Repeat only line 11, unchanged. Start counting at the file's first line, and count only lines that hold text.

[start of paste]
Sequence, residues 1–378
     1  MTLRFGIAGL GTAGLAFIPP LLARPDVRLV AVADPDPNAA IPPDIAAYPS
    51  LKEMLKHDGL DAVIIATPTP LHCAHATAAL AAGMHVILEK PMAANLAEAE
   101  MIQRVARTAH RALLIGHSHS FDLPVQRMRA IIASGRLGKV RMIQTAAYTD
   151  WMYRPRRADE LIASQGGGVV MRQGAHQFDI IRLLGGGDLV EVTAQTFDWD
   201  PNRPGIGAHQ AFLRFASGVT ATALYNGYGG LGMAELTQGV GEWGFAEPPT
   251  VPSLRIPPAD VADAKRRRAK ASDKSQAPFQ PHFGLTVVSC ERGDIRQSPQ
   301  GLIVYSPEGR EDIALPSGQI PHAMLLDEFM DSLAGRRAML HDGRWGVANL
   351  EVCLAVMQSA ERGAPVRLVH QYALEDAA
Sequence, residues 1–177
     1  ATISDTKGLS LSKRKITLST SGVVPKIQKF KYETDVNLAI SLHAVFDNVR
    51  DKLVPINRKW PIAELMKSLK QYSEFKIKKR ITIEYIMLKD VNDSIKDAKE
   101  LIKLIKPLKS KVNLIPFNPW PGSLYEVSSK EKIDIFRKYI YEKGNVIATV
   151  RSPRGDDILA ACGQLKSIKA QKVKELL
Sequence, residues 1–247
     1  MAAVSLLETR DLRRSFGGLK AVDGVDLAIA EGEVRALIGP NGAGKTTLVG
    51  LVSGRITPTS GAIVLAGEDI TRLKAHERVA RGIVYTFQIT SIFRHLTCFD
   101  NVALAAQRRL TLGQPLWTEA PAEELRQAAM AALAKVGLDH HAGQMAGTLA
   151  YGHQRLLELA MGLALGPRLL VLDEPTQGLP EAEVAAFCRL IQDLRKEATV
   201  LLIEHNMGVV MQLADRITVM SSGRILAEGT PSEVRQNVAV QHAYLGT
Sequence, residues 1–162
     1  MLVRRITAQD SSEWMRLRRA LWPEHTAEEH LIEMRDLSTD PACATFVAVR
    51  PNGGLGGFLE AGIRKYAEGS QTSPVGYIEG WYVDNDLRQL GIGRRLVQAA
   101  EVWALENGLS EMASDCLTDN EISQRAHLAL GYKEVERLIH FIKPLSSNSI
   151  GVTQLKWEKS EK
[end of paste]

     1  ATISDTKGLS LSKRKITLST SGVVPKIQKF KYETDVNLAI SLHAVFDNVR